To install, place the DropTools.livecode file and the DropTools folder inside your LiveCode Plugins folder (wherever you have it). If you have not created a plugins folder for LiveCode, you will need to create one:

  1. Create a folder for holding your LiveCode plugins (I named mine "LiveCode Plugins").
  2. Inside the folder you just created, create a folder just called "Plugins".
  3. Launch LiveCode, and select "Preferences" from the Edit menu (Windows/Linux) or LiveCode (application) menu (Mac OS X).
  4. When the LiveCode Preferences window appears, click on "Files & Memory" from the list on the left.
  5. At the bottom of the right-hand pane, there is a label called "User Extensions:" with an ellipsis ("...") button to the right of the field.
  6. Click the ellipsis button and select the folder you created in Step #1 (not the "Plugins" folder you created in Step #2).
  7. You should get a dialog box telling you the LiveCode must be restarted; so click "Quit" and relaunch LiveCode.

Using DropTools

Choose "stsDropTools" from the Plugins submenu of the Development menu in the LiveCode IDE (if you are using the MetaCard IDE, choose "DropTools.livecode" from the Plugins menu). This will display the DropTools Palette, displaying all of the custom controls ("DropTools") that are inside the DropTools folder.

The controls are loaded into the main area of the palette (1). If you have added subfolders into the DropTools folder (see "Organizing Your DropTools", below) the Sets menu (2) will let you navigate between the sets. Click the Options button (3) to set options for the DropTools Palette:


Setting Options

You can set the Icon Width and Icon Height, which sets the width and height of the "slot" that displays the custom control icons. (The default width is larger than the default height because most custom controls seem to be horizontal in nature.) You can also set the all-around Margin distance (in pixels) around the icons.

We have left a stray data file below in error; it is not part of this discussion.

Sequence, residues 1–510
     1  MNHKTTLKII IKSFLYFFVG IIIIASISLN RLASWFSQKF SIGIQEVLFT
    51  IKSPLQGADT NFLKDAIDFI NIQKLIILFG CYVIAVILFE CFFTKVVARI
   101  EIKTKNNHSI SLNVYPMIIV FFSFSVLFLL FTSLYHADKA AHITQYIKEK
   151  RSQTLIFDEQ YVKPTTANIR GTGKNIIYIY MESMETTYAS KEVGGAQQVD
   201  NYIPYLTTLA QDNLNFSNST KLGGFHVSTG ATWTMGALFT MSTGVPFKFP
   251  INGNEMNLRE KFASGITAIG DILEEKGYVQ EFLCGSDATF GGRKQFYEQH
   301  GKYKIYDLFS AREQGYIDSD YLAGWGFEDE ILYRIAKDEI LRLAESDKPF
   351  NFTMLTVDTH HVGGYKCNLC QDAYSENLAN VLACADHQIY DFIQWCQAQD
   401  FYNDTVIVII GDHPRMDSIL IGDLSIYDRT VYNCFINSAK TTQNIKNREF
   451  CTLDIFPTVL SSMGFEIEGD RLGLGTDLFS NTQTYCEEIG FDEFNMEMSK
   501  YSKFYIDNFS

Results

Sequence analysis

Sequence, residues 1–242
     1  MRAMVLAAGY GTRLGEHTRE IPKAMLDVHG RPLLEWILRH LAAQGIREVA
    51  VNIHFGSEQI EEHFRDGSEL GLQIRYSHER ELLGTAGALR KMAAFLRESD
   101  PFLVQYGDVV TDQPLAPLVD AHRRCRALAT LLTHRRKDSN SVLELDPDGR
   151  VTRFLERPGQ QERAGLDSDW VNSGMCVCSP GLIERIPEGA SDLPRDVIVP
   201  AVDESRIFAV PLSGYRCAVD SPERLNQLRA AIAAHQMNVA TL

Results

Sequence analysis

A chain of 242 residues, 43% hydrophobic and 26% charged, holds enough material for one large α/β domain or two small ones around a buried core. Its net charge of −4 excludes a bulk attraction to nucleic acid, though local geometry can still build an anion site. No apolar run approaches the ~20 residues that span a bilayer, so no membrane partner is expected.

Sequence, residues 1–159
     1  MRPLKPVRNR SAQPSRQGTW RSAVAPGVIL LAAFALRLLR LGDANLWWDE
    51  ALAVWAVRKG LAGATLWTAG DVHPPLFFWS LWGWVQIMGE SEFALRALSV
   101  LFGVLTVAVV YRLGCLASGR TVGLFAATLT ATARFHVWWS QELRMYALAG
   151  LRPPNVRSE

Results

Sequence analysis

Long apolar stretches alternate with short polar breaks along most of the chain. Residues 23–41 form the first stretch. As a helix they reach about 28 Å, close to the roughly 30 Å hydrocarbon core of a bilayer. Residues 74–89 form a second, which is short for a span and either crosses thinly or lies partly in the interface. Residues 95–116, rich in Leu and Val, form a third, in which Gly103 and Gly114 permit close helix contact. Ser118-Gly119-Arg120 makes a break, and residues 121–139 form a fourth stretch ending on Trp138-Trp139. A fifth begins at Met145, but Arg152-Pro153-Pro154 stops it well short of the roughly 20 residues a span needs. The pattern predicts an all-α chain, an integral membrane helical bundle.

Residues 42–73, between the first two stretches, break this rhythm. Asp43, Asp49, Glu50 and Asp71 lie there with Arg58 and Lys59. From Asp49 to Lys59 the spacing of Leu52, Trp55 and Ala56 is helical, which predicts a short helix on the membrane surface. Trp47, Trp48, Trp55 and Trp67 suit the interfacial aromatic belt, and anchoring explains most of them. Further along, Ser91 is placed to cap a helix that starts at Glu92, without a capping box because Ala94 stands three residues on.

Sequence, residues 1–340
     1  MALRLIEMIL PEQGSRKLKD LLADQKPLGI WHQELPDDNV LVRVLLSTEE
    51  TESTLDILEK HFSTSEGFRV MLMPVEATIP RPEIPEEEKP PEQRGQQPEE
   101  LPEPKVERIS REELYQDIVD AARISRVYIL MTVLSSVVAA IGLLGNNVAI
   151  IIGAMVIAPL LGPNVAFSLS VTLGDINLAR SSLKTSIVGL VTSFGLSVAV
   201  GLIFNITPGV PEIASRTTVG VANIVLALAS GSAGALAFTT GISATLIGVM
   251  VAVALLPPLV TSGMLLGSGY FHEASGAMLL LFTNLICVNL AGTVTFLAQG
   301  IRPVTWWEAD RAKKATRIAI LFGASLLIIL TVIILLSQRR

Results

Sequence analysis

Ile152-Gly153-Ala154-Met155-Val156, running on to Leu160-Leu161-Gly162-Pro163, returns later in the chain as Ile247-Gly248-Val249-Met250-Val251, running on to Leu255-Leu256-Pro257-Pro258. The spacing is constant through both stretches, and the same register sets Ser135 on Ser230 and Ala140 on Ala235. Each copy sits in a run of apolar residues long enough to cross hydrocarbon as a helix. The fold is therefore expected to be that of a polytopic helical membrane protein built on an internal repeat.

The Display As popup menu, along with the Max icons setting lets you pick how you want the icons displayed. You can display the icons in snaking columns, or you can display the icons in "pages", which will display navigation buttons below the icons. Here's an example showing the difference, with five controls and a Max icons setting of 3:

You can set the location of where the DropTools Palette goes to look for DropTool stacks to load. It defaults to pointing to the "DropTools" folder in the same directory as the Droptools.livecode stack file, but you can move it wherever you like and then set the location in the Preferences window.

(NOTE: The path that is displayed is where the DropTools folder currently is; if you go to change it, you are picking the folder that will contain the DropTools folder. The DropTools Palette is smart about this, though, and will take the path that comes back from the dialog box, and see if it ends in "/DropTools"; if so, it will use that folder. However if you pick a folder that does not end with "/DropTools", it will add "/DropTools" to the end of the folder path.)

Finally, you can set the Show Inspector after dropping control checkbox. If this is checked, and the DropTool control that you drop onto your card contains its own Inspector (see Using an Inspector below), the Inspector will automatically be opened so you can set options for the control you just dropped.

Using dropbox16 Dropbox?

If you have multiple computers and a Dropbox account, you may want to consider putting the DropTools folder into your Dropbox folder and point all of your DropTools Palettes to that folder - this way, when you get a new DropTool, you can just add it in one place and all of your computers will get to use it immediately!

Organizing Your DropTools

By default, any DropTool stacks that are in the DropTools folder are displayed in the DropTools Palette whenever it is opened. As you add more and more DropTool stacks, you may find you want to be able to organize your DropTools into groups.

You can group your DropTool stacks by adding subfolders to the DropTools folder; the name of the subfolder(s) will show up under the "Sets" popup menu in the DropTools Palette. (Only one level of subfolders is supported.)